The other “big” art world news was the so-called blacklist that shut out a collector. I’m sure you’ve all read about it in some form. The collector sued, a gallerist testified, and phony outrage ensued. Guess what we discovered? Business being done in the art world is an elitist whores’ game, and we’re being manipulated by money, power and some super-secretive backroom finagling. OK, we’ve all heard that before. Many of us have seen it go on right in front of our faces, and for the most part, many of us anxiously manuever to be a part of that system. The most stunning revelation is that even as the economy continues to “pancake” nothing much has changed, especially our aesthetic preoccupations, because WE, artists, refuse to challenge the endless sameness of our thought. As an aside, I can’t tell you how disappointed I am that so many of you artists, critics and art world denizens, especially a few that I know, went to the NuMu for the recent collector sponsored dry hump. All I can say to you art bitches, and you know who you are, is don’t even try to justify that bullshit. Reprehensible isn’t a strong enough word – let’s just say disgraceful. Angry? Just a touch.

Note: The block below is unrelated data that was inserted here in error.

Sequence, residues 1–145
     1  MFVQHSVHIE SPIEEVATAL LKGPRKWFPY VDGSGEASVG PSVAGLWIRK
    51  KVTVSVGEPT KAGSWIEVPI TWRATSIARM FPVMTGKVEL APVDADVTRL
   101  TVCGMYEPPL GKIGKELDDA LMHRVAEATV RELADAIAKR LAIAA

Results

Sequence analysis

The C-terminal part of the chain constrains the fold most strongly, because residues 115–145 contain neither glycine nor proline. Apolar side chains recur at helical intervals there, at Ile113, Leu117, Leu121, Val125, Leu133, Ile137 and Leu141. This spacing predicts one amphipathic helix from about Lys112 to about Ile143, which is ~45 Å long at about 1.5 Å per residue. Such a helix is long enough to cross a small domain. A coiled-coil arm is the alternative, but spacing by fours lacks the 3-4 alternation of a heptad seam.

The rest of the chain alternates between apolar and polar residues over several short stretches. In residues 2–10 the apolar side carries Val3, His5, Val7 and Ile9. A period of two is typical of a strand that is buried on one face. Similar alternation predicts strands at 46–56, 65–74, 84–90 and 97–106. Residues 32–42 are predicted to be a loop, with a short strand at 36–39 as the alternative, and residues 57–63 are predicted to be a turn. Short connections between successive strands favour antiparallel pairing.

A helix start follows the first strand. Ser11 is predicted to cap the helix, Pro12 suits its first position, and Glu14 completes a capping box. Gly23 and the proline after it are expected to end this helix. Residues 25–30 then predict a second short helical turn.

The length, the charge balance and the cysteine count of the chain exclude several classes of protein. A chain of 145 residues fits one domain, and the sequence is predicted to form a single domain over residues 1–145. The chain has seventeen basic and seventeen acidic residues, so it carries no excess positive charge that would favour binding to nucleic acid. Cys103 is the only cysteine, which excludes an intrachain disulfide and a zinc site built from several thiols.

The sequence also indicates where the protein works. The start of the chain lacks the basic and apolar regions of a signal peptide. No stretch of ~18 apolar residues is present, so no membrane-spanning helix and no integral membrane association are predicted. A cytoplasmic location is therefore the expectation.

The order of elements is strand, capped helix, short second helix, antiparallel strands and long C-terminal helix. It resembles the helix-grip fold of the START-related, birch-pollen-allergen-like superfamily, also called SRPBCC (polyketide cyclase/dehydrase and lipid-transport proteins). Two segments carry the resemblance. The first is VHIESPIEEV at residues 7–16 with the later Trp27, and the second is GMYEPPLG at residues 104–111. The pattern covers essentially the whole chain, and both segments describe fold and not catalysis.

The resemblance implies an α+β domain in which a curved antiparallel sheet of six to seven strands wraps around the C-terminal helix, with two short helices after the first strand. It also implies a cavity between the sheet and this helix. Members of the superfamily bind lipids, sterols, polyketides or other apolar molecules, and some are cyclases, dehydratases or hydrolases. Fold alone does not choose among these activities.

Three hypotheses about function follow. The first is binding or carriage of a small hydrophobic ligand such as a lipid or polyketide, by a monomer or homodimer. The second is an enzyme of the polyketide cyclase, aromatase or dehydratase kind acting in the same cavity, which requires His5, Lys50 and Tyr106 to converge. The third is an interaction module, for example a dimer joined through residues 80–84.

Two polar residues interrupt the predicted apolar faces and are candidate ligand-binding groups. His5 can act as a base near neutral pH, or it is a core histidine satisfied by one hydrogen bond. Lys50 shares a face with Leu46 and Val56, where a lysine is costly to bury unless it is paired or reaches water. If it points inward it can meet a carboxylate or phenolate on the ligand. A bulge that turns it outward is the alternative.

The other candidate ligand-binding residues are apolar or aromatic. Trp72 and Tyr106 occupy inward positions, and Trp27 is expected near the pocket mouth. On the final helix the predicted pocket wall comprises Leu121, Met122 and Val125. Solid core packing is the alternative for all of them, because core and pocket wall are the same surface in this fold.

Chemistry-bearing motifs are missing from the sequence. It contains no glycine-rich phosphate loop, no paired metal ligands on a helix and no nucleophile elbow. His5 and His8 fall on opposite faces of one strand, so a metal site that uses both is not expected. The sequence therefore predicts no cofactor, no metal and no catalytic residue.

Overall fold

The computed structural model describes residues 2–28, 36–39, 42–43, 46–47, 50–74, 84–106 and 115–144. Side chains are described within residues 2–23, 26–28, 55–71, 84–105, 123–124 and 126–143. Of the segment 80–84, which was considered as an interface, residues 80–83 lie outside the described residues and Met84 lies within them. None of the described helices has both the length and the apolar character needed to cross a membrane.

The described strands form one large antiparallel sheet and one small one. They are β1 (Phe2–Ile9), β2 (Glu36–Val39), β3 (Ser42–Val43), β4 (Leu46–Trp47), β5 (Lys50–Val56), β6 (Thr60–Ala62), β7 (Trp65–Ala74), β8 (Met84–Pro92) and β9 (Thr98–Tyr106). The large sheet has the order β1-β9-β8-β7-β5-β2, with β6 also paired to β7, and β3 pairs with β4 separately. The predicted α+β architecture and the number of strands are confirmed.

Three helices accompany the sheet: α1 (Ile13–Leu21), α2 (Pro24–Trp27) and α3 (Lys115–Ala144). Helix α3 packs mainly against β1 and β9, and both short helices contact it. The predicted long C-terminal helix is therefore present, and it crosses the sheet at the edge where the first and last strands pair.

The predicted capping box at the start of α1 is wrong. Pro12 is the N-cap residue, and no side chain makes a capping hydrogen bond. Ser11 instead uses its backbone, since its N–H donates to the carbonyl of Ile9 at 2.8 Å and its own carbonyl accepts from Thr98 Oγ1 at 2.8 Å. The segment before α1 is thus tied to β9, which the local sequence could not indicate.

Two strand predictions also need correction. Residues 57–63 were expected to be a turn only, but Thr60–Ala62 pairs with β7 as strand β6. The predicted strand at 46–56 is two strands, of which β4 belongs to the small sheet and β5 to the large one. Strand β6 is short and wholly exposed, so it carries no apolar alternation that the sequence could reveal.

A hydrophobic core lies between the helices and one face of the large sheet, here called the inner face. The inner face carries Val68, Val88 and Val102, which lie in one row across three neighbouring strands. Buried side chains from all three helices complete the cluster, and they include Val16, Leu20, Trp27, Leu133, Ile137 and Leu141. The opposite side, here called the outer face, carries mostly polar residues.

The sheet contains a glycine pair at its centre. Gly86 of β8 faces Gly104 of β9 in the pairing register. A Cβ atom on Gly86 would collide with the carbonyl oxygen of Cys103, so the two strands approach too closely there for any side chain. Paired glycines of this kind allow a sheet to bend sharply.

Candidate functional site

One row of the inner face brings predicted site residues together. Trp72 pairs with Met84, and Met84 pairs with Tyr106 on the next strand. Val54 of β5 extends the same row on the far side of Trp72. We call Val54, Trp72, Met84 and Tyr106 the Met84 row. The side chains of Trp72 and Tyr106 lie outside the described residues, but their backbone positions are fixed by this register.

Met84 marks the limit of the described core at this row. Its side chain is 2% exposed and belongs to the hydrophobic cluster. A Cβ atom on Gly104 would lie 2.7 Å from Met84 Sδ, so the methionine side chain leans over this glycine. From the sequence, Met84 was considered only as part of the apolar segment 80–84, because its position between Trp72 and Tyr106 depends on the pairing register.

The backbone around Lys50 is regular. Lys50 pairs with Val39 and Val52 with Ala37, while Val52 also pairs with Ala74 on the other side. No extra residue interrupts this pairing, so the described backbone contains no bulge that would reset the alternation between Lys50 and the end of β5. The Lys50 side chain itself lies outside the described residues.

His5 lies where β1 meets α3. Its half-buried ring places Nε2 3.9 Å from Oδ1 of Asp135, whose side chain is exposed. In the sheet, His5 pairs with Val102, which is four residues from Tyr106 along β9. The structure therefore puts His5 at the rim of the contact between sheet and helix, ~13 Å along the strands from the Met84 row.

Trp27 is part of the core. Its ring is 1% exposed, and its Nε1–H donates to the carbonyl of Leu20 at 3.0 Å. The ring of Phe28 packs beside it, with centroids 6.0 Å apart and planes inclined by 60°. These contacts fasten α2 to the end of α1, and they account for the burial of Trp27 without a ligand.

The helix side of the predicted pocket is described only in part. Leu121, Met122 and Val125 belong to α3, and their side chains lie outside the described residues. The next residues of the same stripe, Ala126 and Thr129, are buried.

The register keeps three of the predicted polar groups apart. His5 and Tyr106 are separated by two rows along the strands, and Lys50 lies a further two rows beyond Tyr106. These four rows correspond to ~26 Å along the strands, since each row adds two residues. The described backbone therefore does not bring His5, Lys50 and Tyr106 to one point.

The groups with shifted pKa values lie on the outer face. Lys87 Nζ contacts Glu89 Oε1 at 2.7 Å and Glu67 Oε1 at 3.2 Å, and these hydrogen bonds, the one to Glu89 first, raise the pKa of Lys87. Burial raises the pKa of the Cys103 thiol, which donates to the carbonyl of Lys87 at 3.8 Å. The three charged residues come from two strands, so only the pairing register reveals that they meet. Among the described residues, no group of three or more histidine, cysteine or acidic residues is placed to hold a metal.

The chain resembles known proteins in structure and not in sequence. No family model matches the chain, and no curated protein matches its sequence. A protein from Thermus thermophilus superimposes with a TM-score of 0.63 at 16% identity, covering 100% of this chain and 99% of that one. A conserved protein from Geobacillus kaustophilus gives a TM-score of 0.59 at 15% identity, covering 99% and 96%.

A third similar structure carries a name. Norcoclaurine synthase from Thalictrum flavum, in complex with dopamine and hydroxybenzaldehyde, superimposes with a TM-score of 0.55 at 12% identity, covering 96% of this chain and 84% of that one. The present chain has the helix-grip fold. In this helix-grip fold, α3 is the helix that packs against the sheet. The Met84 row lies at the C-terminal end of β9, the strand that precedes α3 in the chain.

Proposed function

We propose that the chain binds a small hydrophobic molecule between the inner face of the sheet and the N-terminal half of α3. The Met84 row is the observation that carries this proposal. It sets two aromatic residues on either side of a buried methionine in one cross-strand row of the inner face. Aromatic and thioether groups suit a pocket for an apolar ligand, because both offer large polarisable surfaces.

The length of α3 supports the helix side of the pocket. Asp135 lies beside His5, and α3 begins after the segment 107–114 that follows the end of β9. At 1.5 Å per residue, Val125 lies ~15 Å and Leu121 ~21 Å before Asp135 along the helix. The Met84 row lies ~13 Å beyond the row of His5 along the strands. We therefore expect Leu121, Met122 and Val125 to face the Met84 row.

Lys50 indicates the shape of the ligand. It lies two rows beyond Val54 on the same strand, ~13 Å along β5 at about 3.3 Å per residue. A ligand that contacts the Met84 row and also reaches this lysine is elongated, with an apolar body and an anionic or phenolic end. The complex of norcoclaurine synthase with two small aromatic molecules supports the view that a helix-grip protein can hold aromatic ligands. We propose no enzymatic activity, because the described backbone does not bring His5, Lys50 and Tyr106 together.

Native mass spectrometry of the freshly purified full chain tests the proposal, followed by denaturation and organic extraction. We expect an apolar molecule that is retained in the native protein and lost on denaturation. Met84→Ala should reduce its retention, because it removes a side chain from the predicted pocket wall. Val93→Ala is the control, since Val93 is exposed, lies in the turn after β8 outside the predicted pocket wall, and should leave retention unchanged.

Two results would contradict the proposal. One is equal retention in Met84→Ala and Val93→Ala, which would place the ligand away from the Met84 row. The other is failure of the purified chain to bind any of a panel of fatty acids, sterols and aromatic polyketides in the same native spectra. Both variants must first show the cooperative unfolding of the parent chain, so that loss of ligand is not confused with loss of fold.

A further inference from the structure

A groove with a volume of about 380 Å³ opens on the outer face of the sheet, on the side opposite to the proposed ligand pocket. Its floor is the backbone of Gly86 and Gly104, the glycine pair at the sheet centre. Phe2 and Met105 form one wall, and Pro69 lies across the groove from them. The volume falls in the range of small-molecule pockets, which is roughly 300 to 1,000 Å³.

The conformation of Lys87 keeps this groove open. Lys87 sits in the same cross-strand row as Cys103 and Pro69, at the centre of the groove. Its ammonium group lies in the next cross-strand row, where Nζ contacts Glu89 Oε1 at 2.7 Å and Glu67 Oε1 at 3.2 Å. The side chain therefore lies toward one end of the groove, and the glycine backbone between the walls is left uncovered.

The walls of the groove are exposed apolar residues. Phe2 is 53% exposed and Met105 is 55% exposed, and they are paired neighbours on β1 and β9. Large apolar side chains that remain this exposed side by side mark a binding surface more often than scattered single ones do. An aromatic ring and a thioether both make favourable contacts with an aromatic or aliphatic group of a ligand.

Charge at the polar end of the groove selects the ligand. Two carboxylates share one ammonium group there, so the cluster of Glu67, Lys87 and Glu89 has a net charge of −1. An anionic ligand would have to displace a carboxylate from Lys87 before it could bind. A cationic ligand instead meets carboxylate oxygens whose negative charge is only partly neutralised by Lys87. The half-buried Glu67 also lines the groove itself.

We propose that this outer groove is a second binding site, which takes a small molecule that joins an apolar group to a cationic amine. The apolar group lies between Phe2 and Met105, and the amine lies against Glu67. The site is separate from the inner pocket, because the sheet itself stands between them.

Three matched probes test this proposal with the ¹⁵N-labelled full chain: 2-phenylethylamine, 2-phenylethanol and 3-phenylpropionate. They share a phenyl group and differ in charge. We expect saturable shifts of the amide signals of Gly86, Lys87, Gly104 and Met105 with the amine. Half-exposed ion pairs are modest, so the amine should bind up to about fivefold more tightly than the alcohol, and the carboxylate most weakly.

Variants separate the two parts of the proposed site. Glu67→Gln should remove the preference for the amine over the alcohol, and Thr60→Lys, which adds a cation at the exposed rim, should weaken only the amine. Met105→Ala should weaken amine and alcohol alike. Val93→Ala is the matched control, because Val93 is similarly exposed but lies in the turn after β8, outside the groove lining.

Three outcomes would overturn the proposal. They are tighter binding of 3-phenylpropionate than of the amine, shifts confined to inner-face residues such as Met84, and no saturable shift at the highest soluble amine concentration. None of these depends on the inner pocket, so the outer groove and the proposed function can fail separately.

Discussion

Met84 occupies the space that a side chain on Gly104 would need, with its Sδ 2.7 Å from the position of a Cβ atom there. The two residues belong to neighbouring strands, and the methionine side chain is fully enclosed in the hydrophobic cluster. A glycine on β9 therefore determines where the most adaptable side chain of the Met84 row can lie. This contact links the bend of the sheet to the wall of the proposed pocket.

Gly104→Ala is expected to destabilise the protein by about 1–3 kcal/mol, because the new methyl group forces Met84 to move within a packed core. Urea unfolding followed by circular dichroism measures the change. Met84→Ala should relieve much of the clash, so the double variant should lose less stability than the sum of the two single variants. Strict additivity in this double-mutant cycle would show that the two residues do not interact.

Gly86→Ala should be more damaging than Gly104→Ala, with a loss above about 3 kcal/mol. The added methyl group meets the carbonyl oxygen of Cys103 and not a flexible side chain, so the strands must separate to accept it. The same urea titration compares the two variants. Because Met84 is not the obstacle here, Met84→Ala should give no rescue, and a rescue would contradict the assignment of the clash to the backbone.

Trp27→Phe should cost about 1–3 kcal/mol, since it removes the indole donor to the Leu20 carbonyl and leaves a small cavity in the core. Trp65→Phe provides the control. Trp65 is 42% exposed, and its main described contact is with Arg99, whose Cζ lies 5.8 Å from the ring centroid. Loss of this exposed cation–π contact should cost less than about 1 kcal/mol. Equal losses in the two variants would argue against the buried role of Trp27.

Additionally, my distaste for the Postmodern edifice has grown even deeper as its effects keep floating into view during this so-called economic “recovery.” The theoretical schiesse slide keeps whisking bucket loads of public money into the grasping hands of connected and corrupt institutions. They, in turn, use this money to bilk the public out of even more money and goodwill. The most galling part is the “feel good” PR that the powers-that-be continue to bulldoze into our collective consciousness. Right now on our TV screens in one of those “feel good” about renewal commercials is the CEO of General Motors, telling us that the bankrupt company has repaid the government loan that bailed them out. But as this article in Forbes by Shikha Dalmia succinctly points out, the “reality” of the rising subject is much different than the advert’s Postmodern “interpretation” of the all-encompassing ground.

“…most ordinary mortals unfamiliar with bailout minutia would assume that he is alluding to the entire $49.5 billion (the money invested in government takeover of GM.) That, however, is far from the case. Because a loan of such a huge amount would have been politically controversial, the Obama administration handed GM only $6.7 billion as a pure loan. (It asked for only a 7% interest rate–a very sweet deal considering that GM bonds at that time were trading below junk level.)”